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Konchog Thogme Jampa
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Re: The Myth of Progress

Post by Konchog Thogme Jampa »

Malcolm wrote: Sat Nov 13, 2021 9:38 pm
Konchog Thogme Jampa wrote: Sat Nov 13, 2021 6:58 pm

The goal is to empty Samsara completely...
That is an aspiration, but it is impossible. It will never happen.
It will just take a few kalpas 😀
དཀོན་མཆོག་ཐོགས་མེད་འབྱམས་པ

Konchog Thogme Jampa
Malcolm
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Re: The Myth of Progress

Post by Malcolm »

Konchog Thogme Jampa wrote: Sat Nov 13, 2021 10:14 pm
Malcolm wrote: Sat Nov 13, 2021 9:38 pm
Konchog Thogme Jampa wrote: Sat Nov 13, 2021 6:58 pm

The goal is to empty Samsara completely...
That is an aspiration, but it is impossible. It will never happen.
It will just take a few kalpas 😀
As I said, it will never happen. sentient beings are limitless.
"Death stands before all who are born."
— Ācārya Aśvaghoṣa
Toenail
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Re: The Myth of Progress

Post by Toenail »

Malcolm wrote: Sat Nov 13, 2021 10:34 pm
Konchog Thogme Jampa wrote: Sat Nov 13, 2021 10:14 pm
Malcolm wrote: Sat Nov 13, 2021 9:38 pm

That is an aspiration, but it is impossible. It will never happen.
It will just take a few kalpas 😀
As I said, it will never happen. sentient beings are limitless.

For me this is very hard to grasp. Can you elaborate? Of course I know this, but still... It is hard to get a grip on it for me.
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PadmaVonSamba
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Re: The Myth of Progress

Post by PadmaVonSamba »

Malcolm wrote: Sat Nov 13, 2021 10:34 pm
Konchog Thogme Jampa wrote: Sat Nov 13, 2021 10:14 pm
Malcolm wrote: Sat Nov 13, 2021 9:38 pm

That is an aspiration, but it is impossible. It will never happen.
It will just take a few kalpas 😀
As I said, it will never happen. sentient beings are limitless.
“Limitless” only if you are thinking in terms of quantity.
It’s like talking about “beginningless time”.
“Beginningless” doesn’t have to refer to a chronological line, but it can mean that time itself has no beginning point and no ending point, that time itself is beyond beginning and ending.

Likewise, “limitless sentient beings” can mean that sentient beings are beyond limit and no limit, because ultimately there are no beings (re: Diamond Sutra).

So, the aspiration, “sentient beings are limitless, I vow to liberate them all” doesn’t necessarily have to refer to numbers. It can also refer to the limitless ways that beings can be trapped in samsara, even if the total number of beings were (hypothetically) only a dozen or so.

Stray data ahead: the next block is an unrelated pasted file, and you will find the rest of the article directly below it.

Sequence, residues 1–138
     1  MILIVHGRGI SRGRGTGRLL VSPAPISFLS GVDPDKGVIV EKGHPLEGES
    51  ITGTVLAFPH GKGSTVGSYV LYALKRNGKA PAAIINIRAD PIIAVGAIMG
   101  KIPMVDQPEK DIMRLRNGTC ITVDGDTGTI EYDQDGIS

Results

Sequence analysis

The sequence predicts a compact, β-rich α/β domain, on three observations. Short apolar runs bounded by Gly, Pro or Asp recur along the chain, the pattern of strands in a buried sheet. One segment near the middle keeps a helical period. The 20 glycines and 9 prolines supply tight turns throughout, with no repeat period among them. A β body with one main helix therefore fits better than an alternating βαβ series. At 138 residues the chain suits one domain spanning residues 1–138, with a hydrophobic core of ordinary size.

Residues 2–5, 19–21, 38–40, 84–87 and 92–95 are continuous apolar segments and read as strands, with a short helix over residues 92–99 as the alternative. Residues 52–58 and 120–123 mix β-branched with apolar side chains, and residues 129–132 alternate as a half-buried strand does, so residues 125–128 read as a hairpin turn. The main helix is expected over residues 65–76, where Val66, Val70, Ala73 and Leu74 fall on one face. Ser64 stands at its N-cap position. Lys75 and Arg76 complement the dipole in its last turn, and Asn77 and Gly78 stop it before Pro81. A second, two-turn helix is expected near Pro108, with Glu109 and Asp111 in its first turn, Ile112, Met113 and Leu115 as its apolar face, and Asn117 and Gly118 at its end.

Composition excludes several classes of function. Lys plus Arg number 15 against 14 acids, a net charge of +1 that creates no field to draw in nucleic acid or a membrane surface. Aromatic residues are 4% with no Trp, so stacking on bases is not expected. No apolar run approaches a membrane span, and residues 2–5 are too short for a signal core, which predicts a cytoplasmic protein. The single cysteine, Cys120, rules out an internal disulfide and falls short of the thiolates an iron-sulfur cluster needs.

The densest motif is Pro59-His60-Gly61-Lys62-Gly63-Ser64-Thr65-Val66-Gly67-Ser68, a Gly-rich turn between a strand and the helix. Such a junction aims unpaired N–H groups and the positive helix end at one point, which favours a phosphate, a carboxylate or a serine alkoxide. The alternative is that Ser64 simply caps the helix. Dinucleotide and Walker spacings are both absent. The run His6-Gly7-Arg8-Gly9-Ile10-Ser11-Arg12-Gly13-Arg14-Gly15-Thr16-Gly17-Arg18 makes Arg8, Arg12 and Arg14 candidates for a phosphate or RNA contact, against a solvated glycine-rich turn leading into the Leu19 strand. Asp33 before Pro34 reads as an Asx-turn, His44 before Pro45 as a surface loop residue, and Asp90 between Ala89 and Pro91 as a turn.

Another take on this (I recall it was Ani Jetson Khandro who brought up this point in a teaching available on YouTube) was “may all beings (as limitless as they are) be free from suffering caused by me”. In other words, regardless of how many there are, may they all be free from one’s own harmful actions.
EMPTIFUL.
An inward outlook develops outward insight.
Malcolm
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Re: The Myth of Progress

Post by Malcolm »

PadmaVonSamba wrote: Wed Nov 17, 2021 1:46 pm
Malcolm wrote: Sat Nov 13, 2021 10:34 pm
Konchog Thogme Jampa wrote: Sat Nov 13, 2021 10:14 pm

It will just take a few kalpas 😀
As I said, it will never happen. sentient beings are limitless.
“Limitless” only if you are thinking in terms of quantity.
Yes, I am, relatively speaking.
"Death stands before all who are born."
— Ācārya Aśvaghoṣa
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PadmaVonSamba
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Re: The Myth of Progress

Post by PadmaVonSamba »

Malcolm wrote: Wed Nov 17, 2021 2:12 pm
PadmaVonSamba wrote: Wed Nov 17, 2021 1:46 pm
Malcolm wrote: Sat Nov 13, 2021 10:34 pm

As I said, it will never happen. sentient beings are limitless.
“Limitless” only if you are thinking in terms of quantity.
Yes, I am, relatively speaking.
Oddly enough, sentient beings are limitless
But limitless beings (buddhas) aren’t sentient.
EMPTIFUL.
An inward outlook develops outward insight.
Malcolm
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Re: The Myth of Progress

Post by Malcolm »

PadmaVonSamba wrote: Wed Nov 17, 2021 4:32 pm
But limitless beings (buddhas) aren’t sentient.
Silly. Of course buddhas are sentient.
"Death stands before all who are born."
— Ācārya Aśvaghoṣa
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Sādhaka
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Re: The Myth of Progress

Post by Sādhaka »

Ordinary person = sentient being

Buddha = Omni-sentient/scient being

:D
Last edited by Sādhaka on Wed Nov 17, 2021 9:47 pm, edited 2 times in total.